(German blog post: on TeXwelt.de)
The first part starts with a new package, that even old hands often did not use yet: scrlayer, for page layouts based on layers. The concise summary with examples quickly shows how it can be used as a layout tool, and almost imperceptibly I tried something new, instead of the proven scrpage2 or good old fancyhdr. The article deals with the task of implementing a specific corporate design within LaTeX.
Marei Peischl
Just a few pages provide a time saving overview about modern tools to meet challenges of layout and design requirements. After reading this article, one can directly implement a corporate design, with the help of the packages reference manuals. I just think it would have been good idea to add an explicit hint how to access package manuals and documentation, such as locally by texdoc, or online at http://texdoc.net or http://ctan.org by entering the package name in the search field. On the other hand, a user should already know this, and the tutorial aims at broadening the skills of proficient users.
In that sense the next parts will also deal with advanced topics:
The iX 1/2018 is available for just a few days, if not sold out already, as it appeared Dec 21 last year. So, of interested, take a quick view at the newspaper kiosk. In addition, one can download the whole article (or the whole iX issue) here: Textsatz: Automatisierte Dokumentenverarbeitung mit LaTeX, Teil 1: Corporate Design erstellen (direct link: the shop). In a few days (I guess Jan 21) the new issue will arrive in the newspaper kiosk – then with a LaTeX3 article.
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I was surprised to see only 12 upvotes and just 362 page views. That’s all by StackExchange?
So I added a bounty, to get it on the “featured” tab. Who will get those 500 points? I decided to award them to the next one who becomes a new TUG member. She or he just needs to add an answer there so I can put the bounty there.
Just one day left, the bounty ends tomorrow, on Monday.
But the most important – Jim’s answer follows.
A summary of the general aims of TUG:
To ensure the integrity and portability of TeX, LaTeX, Metafont and
related systems.
To foster innovation in high-quality electronic document preparation.
The most important reason to join TUG is to support these goals.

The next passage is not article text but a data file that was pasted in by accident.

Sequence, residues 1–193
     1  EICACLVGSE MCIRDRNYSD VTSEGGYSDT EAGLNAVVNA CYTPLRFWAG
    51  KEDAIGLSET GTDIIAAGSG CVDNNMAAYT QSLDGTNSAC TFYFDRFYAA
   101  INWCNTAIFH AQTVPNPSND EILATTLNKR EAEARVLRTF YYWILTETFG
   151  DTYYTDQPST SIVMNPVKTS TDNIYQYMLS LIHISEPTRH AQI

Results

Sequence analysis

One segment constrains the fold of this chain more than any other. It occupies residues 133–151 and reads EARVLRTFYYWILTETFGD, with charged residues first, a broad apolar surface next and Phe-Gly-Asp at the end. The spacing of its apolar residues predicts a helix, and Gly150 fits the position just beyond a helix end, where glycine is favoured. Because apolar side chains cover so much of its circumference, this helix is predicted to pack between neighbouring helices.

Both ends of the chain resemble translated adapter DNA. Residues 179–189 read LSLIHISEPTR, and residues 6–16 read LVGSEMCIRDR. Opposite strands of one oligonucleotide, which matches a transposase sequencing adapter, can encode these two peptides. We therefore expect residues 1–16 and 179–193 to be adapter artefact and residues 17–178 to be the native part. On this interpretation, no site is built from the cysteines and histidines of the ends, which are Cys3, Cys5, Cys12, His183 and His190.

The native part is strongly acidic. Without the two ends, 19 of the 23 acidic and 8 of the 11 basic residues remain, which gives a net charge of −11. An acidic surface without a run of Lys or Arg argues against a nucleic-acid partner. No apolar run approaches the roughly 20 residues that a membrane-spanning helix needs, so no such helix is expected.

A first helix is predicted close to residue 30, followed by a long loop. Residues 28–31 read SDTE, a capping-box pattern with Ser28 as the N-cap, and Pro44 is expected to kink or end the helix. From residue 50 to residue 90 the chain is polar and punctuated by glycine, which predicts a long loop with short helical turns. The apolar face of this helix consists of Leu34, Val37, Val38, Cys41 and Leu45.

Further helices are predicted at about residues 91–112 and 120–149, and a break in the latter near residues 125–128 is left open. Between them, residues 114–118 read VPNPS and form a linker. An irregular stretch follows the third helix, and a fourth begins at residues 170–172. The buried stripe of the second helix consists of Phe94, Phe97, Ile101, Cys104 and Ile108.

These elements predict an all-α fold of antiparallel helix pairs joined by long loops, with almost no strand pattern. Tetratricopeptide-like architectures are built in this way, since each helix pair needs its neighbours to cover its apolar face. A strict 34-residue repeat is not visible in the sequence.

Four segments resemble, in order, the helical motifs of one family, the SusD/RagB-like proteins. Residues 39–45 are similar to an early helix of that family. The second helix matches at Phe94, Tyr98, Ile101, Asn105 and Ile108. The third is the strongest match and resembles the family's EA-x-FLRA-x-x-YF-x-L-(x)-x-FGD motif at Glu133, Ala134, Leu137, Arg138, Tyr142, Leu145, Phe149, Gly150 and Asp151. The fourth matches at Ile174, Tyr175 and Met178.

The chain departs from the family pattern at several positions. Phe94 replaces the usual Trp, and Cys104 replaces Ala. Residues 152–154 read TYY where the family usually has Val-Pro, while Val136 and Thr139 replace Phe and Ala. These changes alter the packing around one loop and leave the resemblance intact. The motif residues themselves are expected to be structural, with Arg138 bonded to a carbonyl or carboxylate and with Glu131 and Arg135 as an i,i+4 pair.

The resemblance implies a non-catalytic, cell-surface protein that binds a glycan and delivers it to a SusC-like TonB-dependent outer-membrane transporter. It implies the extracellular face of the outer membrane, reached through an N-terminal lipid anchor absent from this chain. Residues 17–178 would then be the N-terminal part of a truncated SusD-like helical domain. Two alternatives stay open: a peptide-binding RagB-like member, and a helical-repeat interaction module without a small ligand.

Members receive:
TeX Collection software: ready-to-run TeX systems including TeX Live for all major platforms and many Unix architectures, MacTeX for MacOSX (based on TeX Live), proTeXt for Windows (based on MiKTeX), and a CTAN snapshot (available in the member area).
Discounts: TUG is a tax-exempt charitable organization in the United States so donations and some membership dues are tax deductible, there are also discounted conference fees, discounted membership rates for students, seniors, and citizens of countries with modest economies, discounted membership rates for institutional members that may name up to eight individual members, discounts on the purchase of Lucida fonts and other items from the TUG store, discounts on books from many publishers (and bookplates), and discounts on WinEdt registration.
Reciprocal membership arrangements are currently available with many other user groups
Members also support:
The TeX Development Fund: created in 2003 to aid growth of TeX-related technical projects
The
TUG Bursary Fund for financial assistance for attending TUG conferences
Mailing lists on a variety of TeXnical subjects
(This is an edited version of the TUG home page; see there for more.)
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and many more, that I posted in the here in the LyX forum on LaTeX.org.
Check it out! It’s a release candidate, so still for testing only.
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The TL Cockpit
For details and screenshots, visit Norbert Preining’s announcement.
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Check out the details of the books, on the publisher’s page or for example at LaTeX-Cookbook.net.
That’s the link to the sale: https://www.packtpub.com/all?search=latex
]]>People with LaTeX T-Shirt are everywhere. Well, in our DANTE LaTeX part of the camp at the Lamarr field. We built a lot of tents around the large LaTeX workshop tent. We uses space blankets for protecting the tent from sun heat and from light, to be able to see beamer presentations.